Abdel-Halim Mahmoud

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Abdel-Halim Mahmoud
46th Grand Imam of al-Azhar
In office
March 1973 – December 1978
Preceded byMohamed Al Fahham
Succeeded byAbdel-Rahman Bissar
Personal details
Born(1901-05-12)12 May 1901
Abou Ahmed, Sharqia, Khedivate of Egypt
(now Al Salam, Egypt)
Died17 October 1978(1978-10-17) (aged 77)
Cairo, Egypt

Abdel-Halim Mahmoud (Arabic: الإمام الأكبر عبدالحليم محمود) (12 May 1901 – 17 October 1978; 2 Jumaada al-awal 1328 A.H. - 14 The al-Qi`dah 1398 A.H.) served as Grand Imam of al-Azhar from 1973 until his death in 1978. Called “avuncular and beloved”[1] by some, he was known for his modernizing approach to teaching at Al-Azhar University, preaching moderation and embracing modern science as a religious duty.

Early life[edit]

Abdel-Halim Mahmoud was born on 12 May 1910 in the village of Abou Ahmed (now Al Salam), in the Sharqia Governorate, 50 kilometers north east of Cairo, Egypt. He memorized the Qur'an at an early age and then started his studies at Al-Azhar University where he graduated in 1932. He then continued his studies in France, where he obtained a Doctorate degree in philosophy from the Universite de Paris - La Sorbonne in 1940.

Views and activities[edit]

According to scholars Moshe Albo and Yoram Meital, themes that reoccurred in Mahmoud's writing were:

the importance of knowledge and education; the superiority of Islamic morals and ethics; the uniqueness of Muslim history; the integration of Islamic spirituality and jurisprudence; the ultimate negation of the Other (e.g., the Western, Zionist, communist, secular, and heretic); the ascendance of Islamic theology and law; and the need to reform Egyptian politics and society in accordance with the pillars of Islam.[2]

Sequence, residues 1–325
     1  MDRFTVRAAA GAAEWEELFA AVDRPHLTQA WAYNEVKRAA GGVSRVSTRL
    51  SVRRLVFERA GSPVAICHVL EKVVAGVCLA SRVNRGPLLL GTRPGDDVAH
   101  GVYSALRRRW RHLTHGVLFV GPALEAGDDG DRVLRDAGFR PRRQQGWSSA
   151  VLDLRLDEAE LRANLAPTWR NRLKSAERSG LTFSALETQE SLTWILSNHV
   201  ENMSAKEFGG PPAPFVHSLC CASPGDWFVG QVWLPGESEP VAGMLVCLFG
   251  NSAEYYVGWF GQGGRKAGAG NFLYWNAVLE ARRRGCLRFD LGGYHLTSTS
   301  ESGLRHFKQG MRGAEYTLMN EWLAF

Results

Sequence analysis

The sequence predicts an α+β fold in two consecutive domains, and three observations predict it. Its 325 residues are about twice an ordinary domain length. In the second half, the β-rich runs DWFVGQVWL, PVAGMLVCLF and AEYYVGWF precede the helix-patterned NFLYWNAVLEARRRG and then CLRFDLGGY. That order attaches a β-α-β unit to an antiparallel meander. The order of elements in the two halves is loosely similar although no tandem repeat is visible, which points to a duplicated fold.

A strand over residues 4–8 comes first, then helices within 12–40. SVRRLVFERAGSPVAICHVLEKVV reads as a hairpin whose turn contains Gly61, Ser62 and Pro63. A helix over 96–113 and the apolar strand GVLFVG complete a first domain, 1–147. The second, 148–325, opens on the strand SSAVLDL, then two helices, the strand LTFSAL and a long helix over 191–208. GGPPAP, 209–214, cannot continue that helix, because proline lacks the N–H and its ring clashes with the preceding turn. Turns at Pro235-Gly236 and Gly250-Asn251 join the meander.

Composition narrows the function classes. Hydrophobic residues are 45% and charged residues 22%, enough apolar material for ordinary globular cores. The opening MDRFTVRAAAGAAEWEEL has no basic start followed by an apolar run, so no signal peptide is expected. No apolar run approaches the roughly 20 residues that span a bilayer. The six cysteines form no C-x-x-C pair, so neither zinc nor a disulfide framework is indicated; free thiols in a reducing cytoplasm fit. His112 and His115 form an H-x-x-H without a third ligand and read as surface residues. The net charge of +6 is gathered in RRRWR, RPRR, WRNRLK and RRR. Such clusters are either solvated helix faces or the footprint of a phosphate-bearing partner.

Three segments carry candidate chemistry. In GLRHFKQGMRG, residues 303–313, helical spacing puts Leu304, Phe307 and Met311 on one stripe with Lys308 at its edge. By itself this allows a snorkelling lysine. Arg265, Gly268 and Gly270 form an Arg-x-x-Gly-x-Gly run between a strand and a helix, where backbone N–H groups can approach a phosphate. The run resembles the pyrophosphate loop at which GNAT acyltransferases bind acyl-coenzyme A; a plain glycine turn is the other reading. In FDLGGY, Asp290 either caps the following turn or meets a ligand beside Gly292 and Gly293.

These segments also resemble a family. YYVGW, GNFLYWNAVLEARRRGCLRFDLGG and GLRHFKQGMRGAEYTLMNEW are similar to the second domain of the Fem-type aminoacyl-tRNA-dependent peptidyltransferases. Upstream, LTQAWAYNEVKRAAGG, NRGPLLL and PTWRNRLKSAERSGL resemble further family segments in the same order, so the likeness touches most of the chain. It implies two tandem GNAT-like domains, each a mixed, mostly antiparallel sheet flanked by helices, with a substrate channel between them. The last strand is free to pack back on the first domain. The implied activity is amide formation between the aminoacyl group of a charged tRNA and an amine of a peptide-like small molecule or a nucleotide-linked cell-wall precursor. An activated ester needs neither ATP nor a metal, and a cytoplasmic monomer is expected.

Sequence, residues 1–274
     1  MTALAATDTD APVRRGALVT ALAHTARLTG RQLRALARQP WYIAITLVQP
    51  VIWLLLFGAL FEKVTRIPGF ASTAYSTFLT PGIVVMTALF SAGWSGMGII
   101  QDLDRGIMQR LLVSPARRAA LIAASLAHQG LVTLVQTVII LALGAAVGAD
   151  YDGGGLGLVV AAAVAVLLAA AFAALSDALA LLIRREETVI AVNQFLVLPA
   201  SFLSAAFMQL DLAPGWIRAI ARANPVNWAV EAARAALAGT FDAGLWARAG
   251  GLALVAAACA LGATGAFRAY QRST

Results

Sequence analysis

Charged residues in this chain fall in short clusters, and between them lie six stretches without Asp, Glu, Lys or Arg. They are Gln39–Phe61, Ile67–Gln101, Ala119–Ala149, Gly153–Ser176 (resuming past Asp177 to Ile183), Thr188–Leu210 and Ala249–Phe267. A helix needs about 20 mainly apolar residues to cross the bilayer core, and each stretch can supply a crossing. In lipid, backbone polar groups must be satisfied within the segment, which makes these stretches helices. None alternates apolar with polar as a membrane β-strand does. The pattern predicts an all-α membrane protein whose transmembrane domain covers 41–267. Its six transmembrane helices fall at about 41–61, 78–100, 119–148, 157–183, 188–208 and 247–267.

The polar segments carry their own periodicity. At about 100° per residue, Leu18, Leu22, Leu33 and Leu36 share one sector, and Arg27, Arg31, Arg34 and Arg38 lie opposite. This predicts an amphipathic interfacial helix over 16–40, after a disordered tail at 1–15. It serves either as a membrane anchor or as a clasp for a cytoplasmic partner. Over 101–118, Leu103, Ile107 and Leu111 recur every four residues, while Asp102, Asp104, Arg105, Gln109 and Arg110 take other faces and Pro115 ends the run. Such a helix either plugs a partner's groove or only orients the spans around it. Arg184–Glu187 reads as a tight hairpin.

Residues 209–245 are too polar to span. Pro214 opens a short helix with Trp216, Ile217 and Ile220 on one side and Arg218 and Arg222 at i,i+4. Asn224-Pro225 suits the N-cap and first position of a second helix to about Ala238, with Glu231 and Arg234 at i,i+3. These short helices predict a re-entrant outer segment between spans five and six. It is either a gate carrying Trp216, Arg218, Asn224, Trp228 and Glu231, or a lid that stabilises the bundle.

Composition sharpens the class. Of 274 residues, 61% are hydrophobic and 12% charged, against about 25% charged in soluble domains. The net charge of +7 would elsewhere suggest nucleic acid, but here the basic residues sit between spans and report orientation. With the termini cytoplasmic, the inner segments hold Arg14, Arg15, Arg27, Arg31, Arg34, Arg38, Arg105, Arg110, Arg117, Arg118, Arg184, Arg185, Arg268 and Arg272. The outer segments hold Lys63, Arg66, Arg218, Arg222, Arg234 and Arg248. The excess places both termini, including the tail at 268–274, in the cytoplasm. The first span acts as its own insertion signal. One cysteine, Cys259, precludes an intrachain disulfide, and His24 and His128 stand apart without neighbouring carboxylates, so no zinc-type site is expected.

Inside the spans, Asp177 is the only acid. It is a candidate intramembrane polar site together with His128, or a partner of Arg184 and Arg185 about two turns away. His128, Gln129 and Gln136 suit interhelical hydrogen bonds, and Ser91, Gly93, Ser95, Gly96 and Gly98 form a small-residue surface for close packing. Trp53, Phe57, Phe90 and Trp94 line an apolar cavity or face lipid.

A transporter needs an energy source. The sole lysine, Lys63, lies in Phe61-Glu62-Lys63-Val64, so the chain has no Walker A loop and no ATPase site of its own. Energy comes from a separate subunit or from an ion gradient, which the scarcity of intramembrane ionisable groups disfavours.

He signed an agreement with King Faisal, ruler of Saudi Arabia, to combat Communism in 1971 during the presidency of Anwar Sadat.[3] The agreement had a budget of 40 million pounds.[3]

Islamic law[edit]

Mahmoud was a consistent supporter of the replacement of Egypt's civil law code with Sharia. He argued that the Hudud (those sharia punishments which are mandated and fixed) punishment of amputation of a thief's hand was ordained by God and when implemented by Ibn Saud had brought law and order to Saudi Arabia—even though it only had to be carried out seven times.[1]

On the other hand, Mahmoud issued a shariah fatwa supporting a minimum marrying age of sixteen for girls, despite the fact he acknowledged Shariah tradition did not specify any exact age. He argued "developed societies have set the age of marriage at sixteen, and this is appropriate".[1][4]


For Mahmoud, "any reform -- whether on the personal level or on the level of society -- begins with science, be that science religious or material..... Whether we begin the path of reform from the vantage point of theoretical science or from that of material or empirical science, our endeavours must be imbued with a purpose. This purpose is an Islamic obligation, as science must be the basis for the path towards God. Indeed, knowledge is a form of worship and a form of jihad."

During his tenure as Grand Imam, Al-Azhar witnessed unprecedented reform and revival, including the introduction of new faculties, teaching methods and management style.[citation needed]


Abdel-Halim Mahmoud is also remembered for reviving Sufism through his prolific writings and lectures on the matter. He was greatly influenced by the Sudanese Sufi Sheikh Mohammed Osman Abdu al-Burhany whose knowledge shaped his views on Sufism.